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July 29, 1933


JAMA. 1933;101(5):377-378. doi:10.1001/jama.1933.02740300045020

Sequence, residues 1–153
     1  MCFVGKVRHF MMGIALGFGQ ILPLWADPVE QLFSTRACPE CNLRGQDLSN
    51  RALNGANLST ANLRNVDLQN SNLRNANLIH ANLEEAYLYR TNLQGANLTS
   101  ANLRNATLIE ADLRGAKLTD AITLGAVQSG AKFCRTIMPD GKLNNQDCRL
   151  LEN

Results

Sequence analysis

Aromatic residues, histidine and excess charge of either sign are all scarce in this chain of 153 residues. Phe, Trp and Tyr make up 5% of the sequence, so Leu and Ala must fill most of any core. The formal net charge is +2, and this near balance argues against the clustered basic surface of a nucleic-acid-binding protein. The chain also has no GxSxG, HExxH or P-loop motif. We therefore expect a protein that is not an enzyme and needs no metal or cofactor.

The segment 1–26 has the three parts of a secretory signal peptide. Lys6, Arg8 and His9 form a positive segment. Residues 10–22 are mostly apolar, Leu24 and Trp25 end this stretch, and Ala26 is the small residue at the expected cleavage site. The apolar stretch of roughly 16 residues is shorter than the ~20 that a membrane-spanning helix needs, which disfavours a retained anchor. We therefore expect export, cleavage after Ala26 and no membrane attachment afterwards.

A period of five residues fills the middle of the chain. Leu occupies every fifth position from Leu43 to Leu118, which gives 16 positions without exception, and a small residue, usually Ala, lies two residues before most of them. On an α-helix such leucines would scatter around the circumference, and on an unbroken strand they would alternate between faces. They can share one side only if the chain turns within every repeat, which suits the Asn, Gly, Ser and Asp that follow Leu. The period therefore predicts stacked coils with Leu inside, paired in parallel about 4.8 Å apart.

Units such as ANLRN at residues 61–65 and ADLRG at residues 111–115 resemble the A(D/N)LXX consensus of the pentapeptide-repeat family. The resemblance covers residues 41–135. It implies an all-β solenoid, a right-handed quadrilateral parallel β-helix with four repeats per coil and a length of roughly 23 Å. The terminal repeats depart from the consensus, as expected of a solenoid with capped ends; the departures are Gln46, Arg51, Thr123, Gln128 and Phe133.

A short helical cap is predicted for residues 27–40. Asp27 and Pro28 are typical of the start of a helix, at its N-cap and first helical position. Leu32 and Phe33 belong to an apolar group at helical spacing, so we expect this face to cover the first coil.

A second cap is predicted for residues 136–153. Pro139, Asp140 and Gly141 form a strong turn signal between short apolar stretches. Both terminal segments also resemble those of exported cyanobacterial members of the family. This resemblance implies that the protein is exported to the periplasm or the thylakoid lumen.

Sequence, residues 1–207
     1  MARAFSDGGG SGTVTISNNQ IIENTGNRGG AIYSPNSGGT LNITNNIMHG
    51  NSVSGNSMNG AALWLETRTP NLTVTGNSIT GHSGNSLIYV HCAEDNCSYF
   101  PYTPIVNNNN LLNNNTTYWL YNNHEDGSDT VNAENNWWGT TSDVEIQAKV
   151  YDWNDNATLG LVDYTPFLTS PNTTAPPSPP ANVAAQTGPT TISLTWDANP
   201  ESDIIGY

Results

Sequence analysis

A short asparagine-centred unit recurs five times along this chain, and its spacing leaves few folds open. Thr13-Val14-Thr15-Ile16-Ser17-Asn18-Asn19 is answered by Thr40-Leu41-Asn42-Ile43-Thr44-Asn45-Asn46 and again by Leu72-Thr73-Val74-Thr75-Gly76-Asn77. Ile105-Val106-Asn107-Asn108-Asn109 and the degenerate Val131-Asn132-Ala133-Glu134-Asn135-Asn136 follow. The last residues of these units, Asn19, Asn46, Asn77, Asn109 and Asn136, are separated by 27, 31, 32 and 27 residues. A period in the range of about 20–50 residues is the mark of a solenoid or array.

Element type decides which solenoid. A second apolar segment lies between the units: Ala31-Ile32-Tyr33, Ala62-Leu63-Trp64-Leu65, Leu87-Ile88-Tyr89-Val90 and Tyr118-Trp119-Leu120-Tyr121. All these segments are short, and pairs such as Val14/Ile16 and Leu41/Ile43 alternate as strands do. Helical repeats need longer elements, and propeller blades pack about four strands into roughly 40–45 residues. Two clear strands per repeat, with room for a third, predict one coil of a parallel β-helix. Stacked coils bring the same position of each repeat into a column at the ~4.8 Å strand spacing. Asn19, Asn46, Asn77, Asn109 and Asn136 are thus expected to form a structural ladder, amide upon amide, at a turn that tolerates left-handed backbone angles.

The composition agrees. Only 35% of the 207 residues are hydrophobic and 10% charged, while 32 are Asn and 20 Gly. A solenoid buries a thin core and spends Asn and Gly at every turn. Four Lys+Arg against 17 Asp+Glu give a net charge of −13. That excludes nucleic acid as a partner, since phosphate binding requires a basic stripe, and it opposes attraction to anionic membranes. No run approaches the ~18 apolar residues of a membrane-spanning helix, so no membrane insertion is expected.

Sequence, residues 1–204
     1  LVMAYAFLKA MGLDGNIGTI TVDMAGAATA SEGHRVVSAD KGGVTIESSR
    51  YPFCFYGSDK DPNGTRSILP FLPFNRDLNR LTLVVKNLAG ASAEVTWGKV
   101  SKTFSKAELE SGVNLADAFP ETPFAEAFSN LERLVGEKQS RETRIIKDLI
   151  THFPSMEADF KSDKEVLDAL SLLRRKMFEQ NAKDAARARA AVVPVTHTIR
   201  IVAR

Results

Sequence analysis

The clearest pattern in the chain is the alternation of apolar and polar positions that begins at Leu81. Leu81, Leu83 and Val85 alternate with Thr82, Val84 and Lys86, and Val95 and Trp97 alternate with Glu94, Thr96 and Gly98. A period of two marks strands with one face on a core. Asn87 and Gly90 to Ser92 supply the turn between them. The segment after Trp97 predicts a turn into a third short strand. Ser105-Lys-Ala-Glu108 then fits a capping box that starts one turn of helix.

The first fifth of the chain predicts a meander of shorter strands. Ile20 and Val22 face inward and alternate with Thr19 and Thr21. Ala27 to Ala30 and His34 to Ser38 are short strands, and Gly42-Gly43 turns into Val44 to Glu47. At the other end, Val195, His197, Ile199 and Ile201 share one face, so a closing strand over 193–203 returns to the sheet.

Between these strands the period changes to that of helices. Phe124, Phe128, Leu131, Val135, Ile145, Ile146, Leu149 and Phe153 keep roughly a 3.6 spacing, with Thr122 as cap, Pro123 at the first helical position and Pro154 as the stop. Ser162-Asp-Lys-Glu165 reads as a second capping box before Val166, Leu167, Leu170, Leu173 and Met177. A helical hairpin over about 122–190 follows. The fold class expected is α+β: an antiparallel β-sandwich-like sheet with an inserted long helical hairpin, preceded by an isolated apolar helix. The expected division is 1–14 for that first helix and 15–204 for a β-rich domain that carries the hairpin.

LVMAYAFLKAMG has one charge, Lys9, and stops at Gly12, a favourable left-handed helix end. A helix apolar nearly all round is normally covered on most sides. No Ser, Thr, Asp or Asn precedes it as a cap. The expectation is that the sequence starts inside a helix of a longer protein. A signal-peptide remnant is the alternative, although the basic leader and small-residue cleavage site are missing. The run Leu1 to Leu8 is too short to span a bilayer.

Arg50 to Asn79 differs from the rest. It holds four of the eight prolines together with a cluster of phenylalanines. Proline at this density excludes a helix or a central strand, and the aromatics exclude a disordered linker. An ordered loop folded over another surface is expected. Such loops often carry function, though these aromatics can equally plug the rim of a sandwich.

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The Treatment of Acute Appendicitis  The controversy over the treatment of acute appendicitis, which began in the spring of 1932, when the veteran surgeon Sir James Berry, at the Medical Society of London, deprecated too frequent operation, has passed into the hands of the younger surgeons and still continues. Berry's paper was followed by a series of letters in the journals from leading surgeons expressing contradictory views on the propriety of immediate operation in every case. The subject was again debated at the Royal Society of Medicine and with the same result (The Journal, Dec. 17, 1932, p. 2124). Then the Fellowship of Medicine arranged a debate by well known surgeons, at which Lord Moynihan presided, with the result that the voting was almost equally divided, there being a small preponderance in favor of immediate operation in all cases. One of the protagonists in that debate, Mr. R. J. McNeill

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